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No Obamacare Plans Cover Treatment at Houston’s Top Cancer Center

If you're a cancer patient at a cutting edge center like MD Anderson in Houston, you're not going to be covered by ACA insurance in 2016.
Image via Flickr/faungg (CC BY-ND 2.0)
If you're a cancer patient at a cutting edge center like MD Anderson in Houston, you're not going to be covered by ACA insurance in 2016.

From Texas Standard

The  healthcare marketplace is open once again, but if you look closely at the offered insurance plans you might find something lacking: coverage for specialized treatments.

Preferred provider organizations, or PPOs, often cover specialized treatment like care for cancer patients. But the loss of individual-market plan PPOs will affect tens of thousands of people who buy their insurance privately rather than through an employer. Before the Affordable Care Act, it was the way most people who did not have employer insurance got coverage.

Jenny Deam, with the Houston Chronicle,  investigates the disappearance of these plans. She says there will no longer be any plans, by any carrier on the federal exchange for the Houston area, that cover treatment at the  MD Anderson Cancer Center. How the marketplace got that way, she says, is a little unclear.

"The PPOs had started disappearing a couple of years ago," she says. "The last one in Houston was Blue Cross Blue Shield of Texas and they  announced in the summer that they were getting rid of them, that they were no longer sustainable. PPOs with their wider range of network and hospitals... are very expensive."

What insurers have done instead is shift people in the individual market and on the healthcare exchange to HMOs, which are usually less expensive. The downside, Deam says, is that patients with specialized and complex medical needs will have limited coverage.

In her investigation, Deam profiled one cancer patient, Martha Gardenier, who was told by a doctor that she needed to start making end-of-life preparations. She sought a second opinion from MD Anderson, and began to see her situation improve from Stage 3 to Stage 1 cancer. This experience showed Gardenier that not all doctors who treat cancer are created equal – that she was getting better care at MD Anderson.

Now, it's as if that carpet is being pulled out from under her. Gardenier will no longer will have a PPO that will cover the costs as it once did. She's going to have to pay out-of-pocket for care that could reach $10,000 a month.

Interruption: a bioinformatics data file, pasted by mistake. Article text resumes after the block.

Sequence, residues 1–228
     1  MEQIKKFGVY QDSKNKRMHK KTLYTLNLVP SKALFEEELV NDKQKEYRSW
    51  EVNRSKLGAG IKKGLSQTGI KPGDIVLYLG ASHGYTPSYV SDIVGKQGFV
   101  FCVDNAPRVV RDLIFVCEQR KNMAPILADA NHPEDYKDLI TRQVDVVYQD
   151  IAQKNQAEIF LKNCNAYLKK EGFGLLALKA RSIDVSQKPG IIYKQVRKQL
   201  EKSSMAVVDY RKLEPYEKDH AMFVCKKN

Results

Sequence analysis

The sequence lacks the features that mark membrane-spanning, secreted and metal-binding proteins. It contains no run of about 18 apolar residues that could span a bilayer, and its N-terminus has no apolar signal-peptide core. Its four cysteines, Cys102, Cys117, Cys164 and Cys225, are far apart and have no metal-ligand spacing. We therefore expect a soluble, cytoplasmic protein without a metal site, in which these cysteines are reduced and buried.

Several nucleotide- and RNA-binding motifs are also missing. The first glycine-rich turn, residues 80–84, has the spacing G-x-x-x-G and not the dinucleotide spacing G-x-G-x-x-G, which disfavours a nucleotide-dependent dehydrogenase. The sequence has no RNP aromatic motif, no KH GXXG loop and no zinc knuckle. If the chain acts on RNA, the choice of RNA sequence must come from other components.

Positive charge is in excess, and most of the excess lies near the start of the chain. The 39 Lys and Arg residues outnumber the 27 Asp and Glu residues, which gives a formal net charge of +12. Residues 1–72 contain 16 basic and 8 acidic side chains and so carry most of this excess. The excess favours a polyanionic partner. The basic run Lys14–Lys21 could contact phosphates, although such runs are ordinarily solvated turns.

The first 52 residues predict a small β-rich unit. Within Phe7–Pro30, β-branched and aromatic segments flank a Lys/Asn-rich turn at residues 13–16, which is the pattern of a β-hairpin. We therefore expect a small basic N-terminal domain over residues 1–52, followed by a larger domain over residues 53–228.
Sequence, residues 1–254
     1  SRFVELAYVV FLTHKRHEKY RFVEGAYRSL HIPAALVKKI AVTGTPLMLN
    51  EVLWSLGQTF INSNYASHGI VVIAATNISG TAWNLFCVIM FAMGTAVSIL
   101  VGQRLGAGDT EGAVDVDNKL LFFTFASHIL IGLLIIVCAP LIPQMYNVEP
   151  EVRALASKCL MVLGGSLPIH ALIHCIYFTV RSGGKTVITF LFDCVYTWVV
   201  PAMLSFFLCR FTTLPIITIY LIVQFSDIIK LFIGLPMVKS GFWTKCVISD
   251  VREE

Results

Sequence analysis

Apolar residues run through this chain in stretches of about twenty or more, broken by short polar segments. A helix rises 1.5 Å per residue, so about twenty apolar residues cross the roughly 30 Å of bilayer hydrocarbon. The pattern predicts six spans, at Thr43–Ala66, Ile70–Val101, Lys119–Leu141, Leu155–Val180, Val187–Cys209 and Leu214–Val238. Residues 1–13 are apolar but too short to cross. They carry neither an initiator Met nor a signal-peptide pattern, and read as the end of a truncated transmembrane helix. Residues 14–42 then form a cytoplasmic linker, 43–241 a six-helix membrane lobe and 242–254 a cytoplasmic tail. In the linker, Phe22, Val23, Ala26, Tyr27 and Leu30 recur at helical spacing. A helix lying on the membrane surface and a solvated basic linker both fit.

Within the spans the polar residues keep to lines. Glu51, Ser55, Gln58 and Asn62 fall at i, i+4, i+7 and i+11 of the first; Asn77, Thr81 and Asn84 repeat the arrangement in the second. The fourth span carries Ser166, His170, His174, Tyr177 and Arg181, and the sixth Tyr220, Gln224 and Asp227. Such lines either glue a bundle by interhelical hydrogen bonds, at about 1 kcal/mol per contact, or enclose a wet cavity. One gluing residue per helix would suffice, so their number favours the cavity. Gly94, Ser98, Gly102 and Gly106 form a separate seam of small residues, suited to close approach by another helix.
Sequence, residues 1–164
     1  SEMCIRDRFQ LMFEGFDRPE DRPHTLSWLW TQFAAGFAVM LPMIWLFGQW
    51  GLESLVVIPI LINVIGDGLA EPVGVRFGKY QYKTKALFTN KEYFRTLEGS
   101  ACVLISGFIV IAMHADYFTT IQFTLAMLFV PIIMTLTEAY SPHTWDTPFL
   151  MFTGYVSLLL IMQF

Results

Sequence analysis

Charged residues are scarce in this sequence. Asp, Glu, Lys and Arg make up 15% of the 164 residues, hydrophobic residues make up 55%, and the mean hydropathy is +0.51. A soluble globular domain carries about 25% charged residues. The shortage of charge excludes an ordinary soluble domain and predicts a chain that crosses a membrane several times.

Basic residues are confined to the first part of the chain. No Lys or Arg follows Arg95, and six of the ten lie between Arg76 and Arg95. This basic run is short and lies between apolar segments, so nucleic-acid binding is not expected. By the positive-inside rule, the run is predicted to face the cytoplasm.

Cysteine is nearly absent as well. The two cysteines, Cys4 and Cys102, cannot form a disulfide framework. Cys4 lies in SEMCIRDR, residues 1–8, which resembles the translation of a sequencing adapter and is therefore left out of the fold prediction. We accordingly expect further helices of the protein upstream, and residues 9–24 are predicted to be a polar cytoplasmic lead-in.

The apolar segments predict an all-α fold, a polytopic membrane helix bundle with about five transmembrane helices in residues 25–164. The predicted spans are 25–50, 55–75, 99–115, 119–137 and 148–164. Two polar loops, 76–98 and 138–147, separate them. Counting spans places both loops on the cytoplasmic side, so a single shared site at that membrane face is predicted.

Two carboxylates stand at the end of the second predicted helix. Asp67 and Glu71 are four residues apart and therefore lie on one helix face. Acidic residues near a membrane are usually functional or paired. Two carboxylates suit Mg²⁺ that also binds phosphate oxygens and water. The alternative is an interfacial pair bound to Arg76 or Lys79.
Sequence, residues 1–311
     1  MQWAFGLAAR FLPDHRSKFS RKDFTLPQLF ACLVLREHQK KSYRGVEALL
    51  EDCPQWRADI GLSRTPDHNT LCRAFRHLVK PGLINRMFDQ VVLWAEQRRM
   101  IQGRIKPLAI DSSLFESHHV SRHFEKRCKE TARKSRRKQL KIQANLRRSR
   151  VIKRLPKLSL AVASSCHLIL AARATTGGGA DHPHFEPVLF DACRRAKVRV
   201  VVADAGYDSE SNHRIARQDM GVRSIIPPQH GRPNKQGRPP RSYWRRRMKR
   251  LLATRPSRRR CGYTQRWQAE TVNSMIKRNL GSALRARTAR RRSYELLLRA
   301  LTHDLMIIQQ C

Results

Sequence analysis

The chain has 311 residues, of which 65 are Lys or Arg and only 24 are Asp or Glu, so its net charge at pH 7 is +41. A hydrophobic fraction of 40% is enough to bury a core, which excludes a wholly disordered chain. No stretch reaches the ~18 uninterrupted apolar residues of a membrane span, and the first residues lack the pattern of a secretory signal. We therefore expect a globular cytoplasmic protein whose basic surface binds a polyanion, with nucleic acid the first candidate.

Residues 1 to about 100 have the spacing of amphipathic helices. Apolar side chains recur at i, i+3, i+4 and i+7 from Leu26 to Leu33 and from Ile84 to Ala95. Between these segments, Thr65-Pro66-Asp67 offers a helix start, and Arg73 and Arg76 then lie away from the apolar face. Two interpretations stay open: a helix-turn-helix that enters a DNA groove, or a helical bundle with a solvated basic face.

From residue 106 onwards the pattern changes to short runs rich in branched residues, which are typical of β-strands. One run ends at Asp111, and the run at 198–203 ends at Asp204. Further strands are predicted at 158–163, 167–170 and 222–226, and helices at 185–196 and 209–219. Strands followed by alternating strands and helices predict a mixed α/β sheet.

"Since that article appeared, I've had just dozen of emails, many from other patients who tell the same story," Deam says. "They specifically got an insurance plan that covered MD Anderson.... [Gardenier is] a pretty stark example of somebody who had been pretty much told 'There's nothing more we can do for you,' and she entered a clinical trial, highly experimental, at MD Anderson. And it worked. People like that don't want to hear that cancer treatment is interchangeable."

Listen to the full interview in the audio player above.

Copyright 2020 KUT 90.5. To see more, visit KUT 90.5.

Texas Standard reporter Joy Diaz has amassed a lengthy and highly recognized body of work in public media reporting. Prior to joining Texas Standard, Joy was a reporter with Austin NPR station KUT on and off since 2005. There, she covered city news and politics, education, healthcare and immigration.
Emily Donahue is KUT’s news director. She has spent more than two decades in broadcast journalism and launched KUT’s news department in 2001. Previously, Emily was part of the Peabody-award winning team at Marketplace as producer of the Marketplace Morning Report. Since coming to KUT, Emily has overseen a doubling of the news staff and content, the accumulation of more than 50 local, national and international awards for journalistic excellence and served on several boards, including the Texas Associated Press Broadcasters and as a member of the 2011 Texas Association of Broadcasters Open Government Task Force. Emily lives in Austin and is currently working on her Master’s in Journalism from the University of Texas at Austin.